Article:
The history of ‘hauntingly beautiful’ Grand Isle, Louisiana
Federal, state and local officials have long known the danger faced by Grand Isle, which under normal circumstances is a bucolic, sandy island with shave ice shops, fishing rodeos and beach bar after beach bar.
Last year, the New York Times declared the island one of its top places to visit for 2020, ranking it with Greenland, Tokyo and the British Virgin Islands. But the reporter also asked, “Does a place appear more hauntingly beautiful when you know it’s disappearing?”
First used by indigenous, nomadic natives, the Grand Isle and nearby Chenière Caminada and Leeville areas grew in the early 1800s as the French, Spanish and growing United States colonized Louisiana. Pirate and privateer Jean Lafitte frequented the area, and Confederate soldiers during the Civil War occupied an unfinished fort on adjacent Grand Terre Island, fleeing after the United States retook New Orleans.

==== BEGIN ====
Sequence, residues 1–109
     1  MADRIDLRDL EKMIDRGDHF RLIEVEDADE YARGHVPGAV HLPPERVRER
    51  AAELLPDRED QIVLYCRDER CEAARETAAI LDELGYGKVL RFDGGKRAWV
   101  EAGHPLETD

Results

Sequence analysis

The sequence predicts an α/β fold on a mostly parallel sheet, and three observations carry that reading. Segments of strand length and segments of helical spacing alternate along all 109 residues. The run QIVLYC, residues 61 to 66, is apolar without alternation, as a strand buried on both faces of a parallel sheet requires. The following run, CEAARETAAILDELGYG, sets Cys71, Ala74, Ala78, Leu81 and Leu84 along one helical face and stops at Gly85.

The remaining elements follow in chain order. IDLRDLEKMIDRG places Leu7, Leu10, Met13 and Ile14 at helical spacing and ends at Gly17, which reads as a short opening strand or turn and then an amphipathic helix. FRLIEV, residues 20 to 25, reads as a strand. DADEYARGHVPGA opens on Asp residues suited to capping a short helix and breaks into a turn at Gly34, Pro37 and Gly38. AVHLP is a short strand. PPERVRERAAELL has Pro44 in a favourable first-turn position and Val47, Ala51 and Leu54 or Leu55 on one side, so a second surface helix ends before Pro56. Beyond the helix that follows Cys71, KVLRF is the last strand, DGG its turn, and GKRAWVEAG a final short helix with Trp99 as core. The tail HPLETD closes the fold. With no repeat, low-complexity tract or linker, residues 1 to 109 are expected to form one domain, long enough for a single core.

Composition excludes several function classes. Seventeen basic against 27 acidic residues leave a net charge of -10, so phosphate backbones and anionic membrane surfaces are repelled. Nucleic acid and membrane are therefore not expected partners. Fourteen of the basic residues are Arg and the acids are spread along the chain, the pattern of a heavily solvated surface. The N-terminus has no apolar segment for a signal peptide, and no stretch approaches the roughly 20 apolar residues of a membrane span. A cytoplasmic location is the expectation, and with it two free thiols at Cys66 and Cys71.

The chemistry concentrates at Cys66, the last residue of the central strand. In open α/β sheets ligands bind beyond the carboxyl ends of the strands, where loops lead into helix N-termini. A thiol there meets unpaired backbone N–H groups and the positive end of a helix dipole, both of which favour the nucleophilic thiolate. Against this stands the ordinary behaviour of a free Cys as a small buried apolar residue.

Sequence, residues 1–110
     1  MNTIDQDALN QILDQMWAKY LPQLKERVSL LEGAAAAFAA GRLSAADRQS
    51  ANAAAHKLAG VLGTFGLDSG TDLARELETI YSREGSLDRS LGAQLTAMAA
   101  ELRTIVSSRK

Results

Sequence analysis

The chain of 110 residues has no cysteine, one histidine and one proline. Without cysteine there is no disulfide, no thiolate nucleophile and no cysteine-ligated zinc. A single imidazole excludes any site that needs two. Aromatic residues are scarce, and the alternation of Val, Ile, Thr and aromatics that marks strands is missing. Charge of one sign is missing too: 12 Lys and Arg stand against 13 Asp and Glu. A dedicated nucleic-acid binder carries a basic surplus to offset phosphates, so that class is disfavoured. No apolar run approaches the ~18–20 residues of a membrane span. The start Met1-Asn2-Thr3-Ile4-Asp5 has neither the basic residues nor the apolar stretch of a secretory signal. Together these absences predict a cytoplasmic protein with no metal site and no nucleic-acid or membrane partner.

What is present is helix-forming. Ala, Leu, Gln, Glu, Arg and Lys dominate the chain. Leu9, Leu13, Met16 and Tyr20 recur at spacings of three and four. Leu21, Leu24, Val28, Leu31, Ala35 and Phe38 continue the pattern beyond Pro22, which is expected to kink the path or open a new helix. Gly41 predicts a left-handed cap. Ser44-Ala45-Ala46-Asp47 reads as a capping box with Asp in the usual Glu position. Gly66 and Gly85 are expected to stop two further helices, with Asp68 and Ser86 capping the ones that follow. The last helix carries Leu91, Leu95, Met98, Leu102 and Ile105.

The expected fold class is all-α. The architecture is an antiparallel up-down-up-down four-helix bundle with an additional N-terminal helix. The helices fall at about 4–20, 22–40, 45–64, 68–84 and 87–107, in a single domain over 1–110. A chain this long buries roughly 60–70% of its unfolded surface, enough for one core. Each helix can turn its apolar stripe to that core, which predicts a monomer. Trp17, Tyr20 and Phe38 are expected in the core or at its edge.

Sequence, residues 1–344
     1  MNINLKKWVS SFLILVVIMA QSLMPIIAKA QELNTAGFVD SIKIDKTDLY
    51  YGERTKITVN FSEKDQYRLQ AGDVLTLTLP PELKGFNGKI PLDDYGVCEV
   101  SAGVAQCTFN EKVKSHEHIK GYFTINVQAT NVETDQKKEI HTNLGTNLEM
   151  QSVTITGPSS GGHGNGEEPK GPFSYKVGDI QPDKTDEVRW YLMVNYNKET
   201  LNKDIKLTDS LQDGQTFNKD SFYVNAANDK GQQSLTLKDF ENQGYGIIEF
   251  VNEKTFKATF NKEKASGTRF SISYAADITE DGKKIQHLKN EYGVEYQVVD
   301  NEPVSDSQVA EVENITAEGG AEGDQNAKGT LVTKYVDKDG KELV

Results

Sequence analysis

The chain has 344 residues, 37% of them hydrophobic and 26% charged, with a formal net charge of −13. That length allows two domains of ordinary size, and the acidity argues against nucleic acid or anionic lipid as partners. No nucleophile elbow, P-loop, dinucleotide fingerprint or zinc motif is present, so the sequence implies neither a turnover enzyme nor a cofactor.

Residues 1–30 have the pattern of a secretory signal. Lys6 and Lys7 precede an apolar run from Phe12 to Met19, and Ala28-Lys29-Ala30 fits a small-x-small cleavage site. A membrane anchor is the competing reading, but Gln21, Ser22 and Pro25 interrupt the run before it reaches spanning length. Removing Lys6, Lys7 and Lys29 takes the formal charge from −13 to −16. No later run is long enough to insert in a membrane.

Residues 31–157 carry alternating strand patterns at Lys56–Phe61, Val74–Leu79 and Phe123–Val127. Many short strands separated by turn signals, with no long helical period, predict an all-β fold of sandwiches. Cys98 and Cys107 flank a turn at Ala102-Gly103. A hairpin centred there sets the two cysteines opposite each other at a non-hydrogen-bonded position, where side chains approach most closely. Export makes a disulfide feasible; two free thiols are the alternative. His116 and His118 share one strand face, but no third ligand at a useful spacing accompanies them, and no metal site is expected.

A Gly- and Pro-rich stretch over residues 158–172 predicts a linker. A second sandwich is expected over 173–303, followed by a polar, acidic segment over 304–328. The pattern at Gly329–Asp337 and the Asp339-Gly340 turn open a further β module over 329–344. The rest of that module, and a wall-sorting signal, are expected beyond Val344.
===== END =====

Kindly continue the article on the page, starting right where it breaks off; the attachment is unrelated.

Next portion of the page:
After the enslavement of people was banned following the Civil War, plantations on Grand Isle were replaced by vacation resorts for the wealthy. They were themselves destroyed and then rebuilt following the 1893 Chenière Caminada hurricane, which sent a wall of water 16 feet high across the area, killing about half of the residents of the nearby farming community and erasing the fields that once grew produce for New Orleans.
The U.S. Army Corps of Engineers has been trying to repair and protect the island since 1976, and in some areas installed a giant sand-filled tube known as “the burrito” running parallel to the ocean’s waves at the highest point on the beach.
‘It ain’t easy right now’: Hurricane Ida strands residents, wipes away landmarks on Louisiana island
Those efforts have been repeatedly set back by hurricanes: 2005’s Katrina damaged the repairs, which were almost fixed by the time Gustav arrived in 2008, destroying some of the repairs to the repairs. Subsequent hurricanes damaged subsequent repairs, and last summer, state taxpayers spent $7.5 million repairing levee breaches and building a new 1¼-mile-long beach, which immediately became a popular gathering spot, drawing more people to the island.
“It was a great summer, the island was booming. You could feel everyone doing good,” said seventh-generation Grand Isle resident Holden Landry, 25.
Landry’s family has owned one of the island’s grocery stores, Sureway Supermarket since his grandfather founded it in 1976. His grandfather, Landry said, never saw storms like Ida.